Capacity:
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For a valid Hiba, the donor must be (i) adult (ii) of sound mind, and (iii) Muslim.

(i) Adult:

At the time of making the gift the donor must be adult. He must have attained the
age of majority i.e., must be of eighteen years. If a minor is under the supervision
of the Court of Wards, the majority is attained on the completion of twenty-one
years. Thus, a Muslim becomes major for making a gift only upon attaining the age
of eighteen or twenty-one years, as the case may be. A gift by a minor is void.

(ii) Sound Mind:

The donor must also be of sound mind. An insane person has no capacity to
understand the legal implications of his or her activities. However, a declaration of
gift by a person of unsound mind during ‘lucid interval’ is lawful and the gift is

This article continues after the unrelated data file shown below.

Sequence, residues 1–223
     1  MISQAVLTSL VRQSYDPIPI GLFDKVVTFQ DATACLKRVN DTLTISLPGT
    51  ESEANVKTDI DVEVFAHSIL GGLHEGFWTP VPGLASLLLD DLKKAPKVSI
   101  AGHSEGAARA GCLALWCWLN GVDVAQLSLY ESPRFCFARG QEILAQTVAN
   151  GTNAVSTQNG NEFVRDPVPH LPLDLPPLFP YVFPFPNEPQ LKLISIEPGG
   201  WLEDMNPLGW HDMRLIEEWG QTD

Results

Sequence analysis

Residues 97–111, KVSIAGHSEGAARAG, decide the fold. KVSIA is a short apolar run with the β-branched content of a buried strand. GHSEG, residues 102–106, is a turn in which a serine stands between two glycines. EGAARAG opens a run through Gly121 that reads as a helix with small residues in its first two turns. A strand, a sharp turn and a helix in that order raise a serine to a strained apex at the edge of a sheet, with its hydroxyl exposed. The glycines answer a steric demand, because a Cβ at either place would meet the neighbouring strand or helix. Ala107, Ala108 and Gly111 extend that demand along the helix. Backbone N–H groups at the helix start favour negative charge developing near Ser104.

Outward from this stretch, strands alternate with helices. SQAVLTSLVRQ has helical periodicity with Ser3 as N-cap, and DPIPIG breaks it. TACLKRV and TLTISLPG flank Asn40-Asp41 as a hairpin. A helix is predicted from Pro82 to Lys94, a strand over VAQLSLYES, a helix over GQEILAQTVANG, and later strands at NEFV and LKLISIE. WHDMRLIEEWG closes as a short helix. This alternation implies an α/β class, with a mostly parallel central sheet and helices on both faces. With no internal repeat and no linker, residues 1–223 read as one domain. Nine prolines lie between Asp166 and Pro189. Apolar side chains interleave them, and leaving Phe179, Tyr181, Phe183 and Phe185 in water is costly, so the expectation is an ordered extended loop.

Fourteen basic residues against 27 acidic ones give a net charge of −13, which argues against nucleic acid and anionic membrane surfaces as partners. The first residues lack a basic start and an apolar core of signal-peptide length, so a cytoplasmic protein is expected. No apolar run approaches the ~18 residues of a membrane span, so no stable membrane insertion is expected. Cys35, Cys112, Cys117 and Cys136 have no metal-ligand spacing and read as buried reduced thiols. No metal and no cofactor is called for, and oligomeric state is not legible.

valid.

As discussed earlier, ‘lucid interval’ is a temporary period during which a person


of unsound mind acquires capacity to understand the legal consequences of his or
her activities, i.e. becomes a normal human being.

(iii) Muslim:

At the time of making the declaration of gift, the donor must be a Muslim. Where
the donor is a non-Muslim, the gift is not Hiba. A gift made by a non-Muslim is
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regulated by the Transfer of Property Act, 1882 and rules of Muslim personal law
are not applicable to it. If at the time of making of gift the donor is Muslim but,
after completion of gift he renounces Islam and becomes non-Muslim, the gift
continues to be a valid gift under Muslim law.

Right:

Capacity alone is not sufficient. The donor must also have the right to make the
gift. One may have the capacity, i.e. he may be a Muslim, adult and of sound mind
yet, he cannot lawfully gift away the properties of others because he has no such
authority.

A donor has a right to gift only those properties of which he is the owner. In the
transaction of gift nothing less than the absolute interest or, the ownership of
property is transferred. Therefore, it is necessary that donor himself has the title
which he intends to pass on to the donee. A person who is simply a tenant in a